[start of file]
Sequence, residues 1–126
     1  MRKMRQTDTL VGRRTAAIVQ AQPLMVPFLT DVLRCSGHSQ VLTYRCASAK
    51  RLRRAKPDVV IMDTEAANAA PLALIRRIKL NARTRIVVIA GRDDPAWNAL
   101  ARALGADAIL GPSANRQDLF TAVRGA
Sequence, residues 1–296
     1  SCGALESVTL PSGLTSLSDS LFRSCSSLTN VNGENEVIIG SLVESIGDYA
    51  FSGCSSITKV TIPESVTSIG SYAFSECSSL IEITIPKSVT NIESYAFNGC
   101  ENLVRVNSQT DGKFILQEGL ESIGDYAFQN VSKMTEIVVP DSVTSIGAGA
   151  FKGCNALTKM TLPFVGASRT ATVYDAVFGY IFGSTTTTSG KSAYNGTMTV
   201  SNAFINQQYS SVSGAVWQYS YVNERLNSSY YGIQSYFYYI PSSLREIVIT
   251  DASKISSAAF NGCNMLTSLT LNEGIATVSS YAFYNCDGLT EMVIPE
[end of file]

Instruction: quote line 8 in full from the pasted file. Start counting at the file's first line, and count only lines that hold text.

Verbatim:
   101  ENLVRVNSQT DGKFILQEGL ESIGDYAFQN VSKMTEIVVP DSVTSIGAGA